Please note that some of these expressions are not used in American English.
'to stop away' means to deliberately not go back to a place.
- Since the beach was polluted by petrol, people have been stopping away.
- After the terrorist attacks on London, tourists stopped away for a while.
'to stop back' means to return to a place at a later time.
- I didn't have time to talk so I told him to stop back later when I had some free time.
- I'll stop back on the way home from work and see how you are.
'to stop behind' means to stay in a place after everyone else has left.
- I stopped behind after the meeting to talk to Bill.
- Stop behind after class so I can give you some extra work to do.
'to stop by' means to visit a place quickly.
- I'm going to stop by Jim's house on the way home.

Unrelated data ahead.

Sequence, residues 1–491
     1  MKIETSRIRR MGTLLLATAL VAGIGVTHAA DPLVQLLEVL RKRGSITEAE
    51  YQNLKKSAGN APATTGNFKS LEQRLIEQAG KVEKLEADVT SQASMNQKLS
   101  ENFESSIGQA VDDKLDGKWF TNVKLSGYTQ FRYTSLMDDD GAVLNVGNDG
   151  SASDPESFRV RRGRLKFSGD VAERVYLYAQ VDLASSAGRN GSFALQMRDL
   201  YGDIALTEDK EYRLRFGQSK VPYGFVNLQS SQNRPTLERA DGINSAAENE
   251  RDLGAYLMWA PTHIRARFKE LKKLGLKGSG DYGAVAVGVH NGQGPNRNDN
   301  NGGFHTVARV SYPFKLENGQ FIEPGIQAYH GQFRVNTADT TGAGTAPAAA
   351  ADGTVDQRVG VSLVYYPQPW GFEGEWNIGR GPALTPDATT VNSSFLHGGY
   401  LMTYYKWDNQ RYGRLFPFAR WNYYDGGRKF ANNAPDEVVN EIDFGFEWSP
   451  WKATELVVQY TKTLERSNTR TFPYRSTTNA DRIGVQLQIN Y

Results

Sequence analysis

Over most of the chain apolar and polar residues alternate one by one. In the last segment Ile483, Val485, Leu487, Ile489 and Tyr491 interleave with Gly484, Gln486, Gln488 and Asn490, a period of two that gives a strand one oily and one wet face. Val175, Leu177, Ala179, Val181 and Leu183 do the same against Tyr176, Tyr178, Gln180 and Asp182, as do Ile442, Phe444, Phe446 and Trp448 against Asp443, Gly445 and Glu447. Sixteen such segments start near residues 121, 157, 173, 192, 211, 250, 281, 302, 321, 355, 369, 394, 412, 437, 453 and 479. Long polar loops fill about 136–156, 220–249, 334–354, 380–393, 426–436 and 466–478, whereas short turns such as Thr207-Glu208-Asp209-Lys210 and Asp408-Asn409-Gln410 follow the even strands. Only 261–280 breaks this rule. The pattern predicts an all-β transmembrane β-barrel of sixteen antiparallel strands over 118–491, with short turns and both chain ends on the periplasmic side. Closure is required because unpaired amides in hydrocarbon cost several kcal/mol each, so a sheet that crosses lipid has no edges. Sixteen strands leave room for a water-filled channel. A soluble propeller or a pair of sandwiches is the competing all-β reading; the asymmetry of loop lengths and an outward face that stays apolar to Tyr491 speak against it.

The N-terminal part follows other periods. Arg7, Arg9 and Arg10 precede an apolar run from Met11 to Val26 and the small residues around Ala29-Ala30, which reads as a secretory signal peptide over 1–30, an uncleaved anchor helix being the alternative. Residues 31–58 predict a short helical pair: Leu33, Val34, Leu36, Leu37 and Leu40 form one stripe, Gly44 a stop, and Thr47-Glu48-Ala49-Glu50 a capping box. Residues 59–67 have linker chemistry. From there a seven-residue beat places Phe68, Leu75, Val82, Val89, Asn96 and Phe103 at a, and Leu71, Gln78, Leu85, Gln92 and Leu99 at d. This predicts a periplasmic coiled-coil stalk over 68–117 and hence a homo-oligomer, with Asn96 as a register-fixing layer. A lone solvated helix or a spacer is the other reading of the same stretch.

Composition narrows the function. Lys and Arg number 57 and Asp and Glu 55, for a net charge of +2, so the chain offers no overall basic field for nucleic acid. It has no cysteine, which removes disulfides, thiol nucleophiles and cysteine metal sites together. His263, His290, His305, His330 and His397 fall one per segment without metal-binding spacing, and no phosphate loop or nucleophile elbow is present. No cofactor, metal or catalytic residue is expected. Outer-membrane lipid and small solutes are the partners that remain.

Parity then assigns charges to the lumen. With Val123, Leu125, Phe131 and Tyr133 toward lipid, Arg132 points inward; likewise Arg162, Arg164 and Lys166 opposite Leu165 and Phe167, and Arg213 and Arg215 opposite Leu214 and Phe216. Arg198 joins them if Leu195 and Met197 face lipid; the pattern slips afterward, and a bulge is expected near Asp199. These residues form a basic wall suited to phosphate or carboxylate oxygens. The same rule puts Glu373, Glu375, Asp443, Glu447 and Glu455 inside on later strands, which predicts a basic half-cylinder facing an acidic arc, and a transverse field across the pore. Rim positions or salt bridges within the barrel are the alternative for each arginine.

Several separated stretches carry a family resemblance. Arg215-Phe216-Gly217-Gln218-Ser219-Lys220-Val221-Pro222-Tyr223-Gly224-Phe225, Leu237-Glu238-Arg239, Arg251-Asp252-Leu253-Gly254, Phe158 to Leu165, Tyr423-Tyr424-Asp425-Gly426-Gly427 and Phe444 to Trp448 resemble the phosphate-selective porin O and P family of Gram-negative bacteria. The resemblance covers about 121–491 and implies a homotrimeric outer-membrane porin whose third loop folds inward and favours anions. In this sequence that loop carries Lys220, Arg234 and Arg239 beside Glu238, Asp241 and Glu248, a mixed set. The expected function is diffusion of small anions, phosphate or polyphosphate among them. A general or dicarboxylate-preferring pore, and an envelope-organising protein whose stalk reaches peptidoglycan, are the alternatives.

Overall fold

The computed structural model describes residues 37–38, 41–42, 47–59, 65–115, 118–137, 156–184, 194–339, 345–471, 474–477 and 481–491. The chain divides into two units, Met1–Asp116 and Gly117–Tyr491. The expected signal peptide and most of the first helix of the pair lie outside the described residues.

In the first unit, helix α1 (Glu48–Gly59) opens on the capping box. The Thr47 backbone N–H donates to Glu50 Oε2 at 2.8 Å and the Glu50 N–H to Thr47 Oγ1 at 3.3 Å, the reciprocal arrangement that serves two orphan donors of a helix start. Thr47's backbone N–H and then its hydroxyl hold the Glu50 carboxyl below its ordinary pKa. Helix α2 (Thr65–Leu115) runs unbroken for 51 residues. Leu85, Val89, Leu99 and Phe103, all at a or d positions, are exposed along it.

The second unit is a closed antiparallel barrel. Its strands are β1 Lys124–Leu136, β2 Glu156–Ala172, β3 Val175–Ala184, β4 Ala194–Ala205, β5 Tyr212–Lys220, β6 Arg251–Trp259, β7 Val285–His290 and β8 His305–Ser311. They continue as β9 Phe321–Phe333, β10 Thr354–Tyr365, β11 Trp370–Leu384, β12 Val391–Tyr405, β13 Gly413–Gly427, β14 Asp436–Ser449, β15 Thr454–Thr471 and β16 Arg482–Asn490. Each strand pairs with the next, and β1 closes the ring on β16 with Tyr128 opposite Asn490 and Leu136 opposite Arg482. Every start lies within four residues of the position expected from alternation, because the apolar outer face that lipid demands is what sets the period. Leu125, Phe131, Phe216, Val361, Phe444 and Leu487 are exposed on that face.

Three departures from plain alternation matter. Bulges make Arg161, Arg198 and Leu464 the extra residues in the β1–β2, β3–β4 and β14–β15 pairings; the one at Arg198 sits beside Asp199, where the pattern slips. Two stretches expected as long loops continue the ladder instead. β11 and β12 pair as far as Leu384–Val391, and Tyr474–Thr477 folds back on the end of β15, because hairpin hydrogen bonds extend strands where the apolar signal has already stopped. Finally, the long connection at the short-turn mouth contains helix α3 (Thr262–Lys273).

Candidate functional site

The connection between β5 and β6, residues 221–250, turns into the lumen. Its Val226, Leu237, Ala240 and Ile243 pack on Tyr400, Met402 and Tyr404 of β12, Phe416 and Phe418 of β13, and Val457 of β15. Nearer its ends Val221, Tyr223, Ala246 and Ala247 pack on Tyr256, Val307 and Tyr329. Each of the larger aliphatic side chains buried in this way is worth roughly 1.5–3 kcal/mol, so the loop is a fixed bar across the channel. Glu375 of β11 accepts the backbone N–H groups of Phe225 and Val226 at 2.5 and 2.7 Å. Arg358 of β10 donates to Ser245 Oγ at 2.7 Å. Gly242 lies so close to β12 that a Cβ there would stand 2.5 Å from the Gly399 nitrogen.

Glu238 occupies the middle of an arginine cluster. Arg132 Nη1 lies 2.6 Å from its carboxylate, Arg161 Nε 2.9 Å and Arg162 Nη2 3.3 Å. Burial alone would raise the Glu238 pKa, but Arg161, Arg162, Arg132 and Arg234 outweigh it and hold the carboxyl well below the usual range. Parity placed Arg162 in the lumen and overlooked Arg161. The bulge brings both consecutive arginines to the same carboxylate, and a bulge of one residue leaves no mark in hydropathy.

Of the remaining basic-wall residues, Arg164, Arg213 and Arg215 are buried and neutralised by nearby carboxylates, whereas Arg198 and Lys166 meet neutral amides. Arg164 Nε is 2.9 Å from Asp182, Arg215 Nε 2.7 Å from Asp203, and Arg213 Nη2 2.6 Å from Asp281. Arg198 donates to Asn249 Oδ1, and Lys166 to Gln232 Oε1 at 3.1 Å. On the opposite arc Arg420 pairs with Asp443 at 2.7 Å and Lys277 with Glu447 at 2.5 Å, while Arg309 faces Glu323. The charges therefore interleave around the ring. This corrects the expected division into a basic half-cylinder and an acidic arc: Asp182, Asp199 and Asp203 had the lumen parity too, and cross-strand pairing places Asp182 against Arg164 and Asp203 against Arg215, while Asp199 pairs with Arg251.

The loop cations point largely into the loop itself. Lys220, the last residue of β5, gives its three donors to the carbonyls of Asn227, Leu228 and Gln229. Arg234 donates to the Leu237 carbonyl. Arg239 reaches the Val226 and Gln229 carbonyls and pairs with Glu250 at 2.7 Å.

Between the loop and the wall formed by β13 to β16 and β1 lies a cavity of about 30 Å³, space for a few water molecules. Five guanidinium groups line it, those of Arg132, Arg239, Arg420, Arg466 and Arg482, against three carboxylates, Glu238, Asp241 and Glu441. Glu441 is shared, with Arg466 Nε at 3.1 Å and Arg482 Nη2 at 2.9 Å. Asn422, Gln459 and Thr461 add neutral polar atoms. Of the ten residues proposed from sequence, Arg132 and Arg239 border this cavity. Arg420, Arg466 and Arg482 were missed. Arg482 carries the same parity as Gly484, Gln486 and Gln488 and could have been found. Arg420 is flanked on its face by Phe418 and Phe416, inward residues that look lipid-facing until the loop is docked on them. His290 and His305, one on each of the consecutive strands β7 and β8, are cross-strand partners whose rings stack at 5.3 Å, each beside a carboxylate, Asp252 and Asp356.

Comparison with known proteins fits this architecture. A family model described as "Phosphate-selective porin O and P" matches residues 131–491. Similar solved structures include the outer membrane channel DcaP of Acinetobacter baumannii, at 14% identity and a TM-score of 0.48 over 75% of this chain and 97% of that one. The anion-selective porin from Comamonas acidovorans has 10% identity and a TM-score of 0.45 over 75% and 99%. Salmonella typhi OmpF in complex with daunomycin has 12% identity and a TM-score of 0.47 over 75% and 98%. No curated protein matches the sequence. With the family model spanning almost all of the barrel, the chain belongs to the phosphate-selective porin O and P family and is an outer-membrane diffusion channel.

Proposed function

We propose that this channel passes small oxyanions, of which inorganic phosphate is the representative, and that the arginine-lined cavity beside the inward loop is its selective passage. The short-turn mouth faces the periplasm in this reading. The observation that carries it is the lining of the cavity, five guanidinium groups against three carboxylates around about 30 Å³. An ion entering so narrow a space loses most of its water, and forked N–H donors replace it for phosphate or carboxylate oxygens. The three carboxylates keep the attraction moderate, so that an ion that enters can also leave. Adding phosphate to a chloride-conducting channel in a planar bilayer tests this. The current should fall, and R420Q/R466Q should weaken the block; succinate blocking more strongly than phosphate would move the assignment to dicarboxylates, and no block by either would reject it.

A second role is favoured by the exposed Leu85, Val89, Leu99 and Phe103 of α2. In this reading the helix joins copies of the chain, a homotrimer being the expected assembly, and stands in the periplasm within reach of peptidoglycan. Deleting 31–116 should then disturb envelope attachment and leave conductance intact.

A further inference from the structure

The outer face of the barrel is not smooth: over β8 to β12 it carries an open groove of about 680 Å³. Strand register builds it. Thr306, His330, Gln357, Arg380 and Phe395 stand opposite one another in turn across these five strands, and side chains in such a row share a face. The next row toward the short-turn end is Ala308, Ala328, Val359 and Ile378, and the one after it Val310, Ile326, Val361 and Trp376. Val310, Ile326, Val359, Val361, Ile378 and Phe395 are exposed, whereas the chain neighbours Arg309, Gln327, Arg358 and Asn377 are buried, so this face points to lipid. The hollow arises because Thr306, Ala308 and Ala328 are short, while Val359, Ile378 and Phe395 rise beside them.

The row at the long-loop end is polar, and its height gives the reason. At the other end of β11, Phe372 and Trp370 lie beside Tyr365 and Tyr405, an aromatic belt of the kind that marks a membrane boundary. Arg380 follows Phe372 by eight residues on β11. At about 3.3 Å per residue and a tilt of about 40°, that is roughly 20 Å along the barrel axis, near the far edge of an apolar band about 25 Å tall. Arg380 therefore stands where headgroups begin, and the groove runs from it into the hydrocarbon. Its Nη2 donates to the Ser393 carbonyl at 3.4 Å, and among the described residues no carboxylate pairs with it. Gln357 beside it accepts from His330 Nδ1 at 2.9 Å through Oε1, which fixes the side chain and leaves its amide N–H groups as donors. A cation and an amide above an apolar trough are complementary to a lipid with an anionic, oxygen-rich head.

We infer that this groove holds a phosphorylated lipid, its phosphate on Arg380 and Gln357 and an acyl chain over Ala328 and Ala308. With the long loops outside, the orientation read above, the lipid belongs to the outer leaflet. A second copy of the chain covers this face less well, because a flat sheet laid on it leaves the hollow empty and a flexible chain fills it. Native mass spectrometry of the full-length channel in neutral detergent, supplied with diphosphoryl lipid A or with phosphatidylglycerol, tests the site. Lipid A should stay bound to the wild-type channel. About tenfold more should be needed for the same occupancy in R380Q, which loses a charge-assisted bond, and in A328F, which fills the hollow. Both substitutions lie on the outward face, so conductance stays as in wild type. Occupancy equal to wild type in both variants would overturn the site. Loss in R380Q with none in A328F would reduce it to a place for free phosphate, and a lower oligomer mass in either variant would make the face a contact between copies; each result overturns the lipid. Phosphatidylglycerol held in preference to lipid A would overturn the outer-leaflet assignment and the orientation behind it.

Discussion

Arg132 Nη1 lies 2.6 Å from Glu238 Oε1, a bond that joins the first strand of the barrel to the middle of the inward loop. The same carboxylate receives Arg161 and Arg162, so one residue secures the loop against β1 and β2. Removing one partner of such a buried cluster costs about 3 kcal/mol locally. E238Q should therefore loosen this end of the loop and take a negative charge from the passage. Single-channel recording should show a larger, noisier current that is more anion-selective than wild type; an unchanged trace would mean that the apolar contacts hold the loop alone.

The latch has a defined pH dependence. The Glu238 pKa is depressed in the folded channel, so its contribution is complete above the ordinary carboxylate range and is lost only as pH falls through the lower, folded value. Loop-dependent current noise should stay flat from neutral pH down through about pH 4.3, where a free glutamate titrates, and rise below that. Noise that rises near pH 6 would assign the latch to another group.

- Stop by for a coffee when you are next here.
'to stop in' means to not go out.
- I'm not going to the cinema with them this evening. I've decided to stop in.
- I'm stopping in and watching TV tonight. I can't afford to go out.
'to stop off' means to stay in a place in the middle of a journey.
- We stopped off in Paris on the way to Nice to visit some friends.
- I'll stop off at the shops on the way home and buy some bread.
'to stop out' means to stay out late at night. ('stay out' in American English.)
- When I was a student, I often stopped out all night and came home for breakfast.
- He often stops out all night during the holidays and comes home at dawn.
'to stop over' means to spend a night in a place in the middle of a journey.
- On the way to Australia, we are stopping over in Singapore.
- On the round the world ticket, we can stop over in five different countries.
'to stop up' means to not go to bed until much later than usual. ('stay up' in American English.)
- Don't stop up too late. You've got school tomorrow.
- We all stopped up until midnight to see the New Year in.